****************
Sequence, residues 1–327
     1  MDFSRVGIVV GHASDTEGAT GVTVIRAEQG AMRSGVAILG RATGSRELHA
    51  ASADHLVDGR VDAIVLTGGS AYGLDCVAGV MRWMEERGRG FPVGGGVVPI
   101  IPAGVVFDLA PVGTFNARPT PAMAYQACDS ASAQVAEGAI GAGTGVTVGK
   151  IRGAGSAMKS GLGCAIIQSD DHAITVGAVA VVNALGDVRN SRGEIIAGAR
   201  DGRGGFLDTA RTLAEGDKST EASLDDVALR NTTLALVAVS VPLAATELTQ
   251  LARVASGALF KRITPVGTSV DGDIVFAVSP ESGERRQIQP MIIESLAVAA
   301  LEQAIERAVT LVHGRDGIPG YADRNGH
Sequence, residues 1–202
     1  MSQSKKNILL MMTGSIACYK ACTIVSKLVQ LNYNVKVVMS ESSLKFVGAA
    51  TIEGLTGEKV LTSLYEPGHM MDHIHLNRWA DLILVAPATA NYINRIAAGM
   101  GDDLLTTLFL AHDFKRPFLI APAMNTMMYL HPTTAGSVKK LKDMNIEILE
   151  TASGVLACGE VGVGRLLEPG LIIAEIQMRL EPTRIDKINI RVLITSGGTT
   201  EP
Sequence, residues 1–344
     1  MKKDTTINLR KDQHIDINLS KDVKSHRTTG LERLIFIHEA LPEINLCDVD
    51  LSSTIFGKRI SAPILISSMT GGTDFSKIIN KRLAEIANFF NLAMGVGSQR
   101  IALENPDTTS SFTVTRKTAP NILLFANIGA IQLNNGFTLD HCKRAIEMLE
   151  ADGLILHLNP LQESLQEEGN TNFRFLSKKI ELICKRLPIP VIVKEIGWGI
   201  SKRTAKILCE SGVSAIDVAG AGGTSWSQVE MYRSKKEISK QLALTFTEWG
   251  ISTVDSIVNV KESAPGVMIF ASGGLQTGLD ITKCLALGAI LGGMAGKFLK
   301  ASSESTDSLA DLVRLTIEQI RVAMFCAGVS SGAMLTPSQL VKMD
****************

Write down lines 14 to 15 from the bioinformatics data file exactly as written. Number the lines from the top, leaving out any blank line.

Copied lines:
   201  EP
Sequence, residues 1–344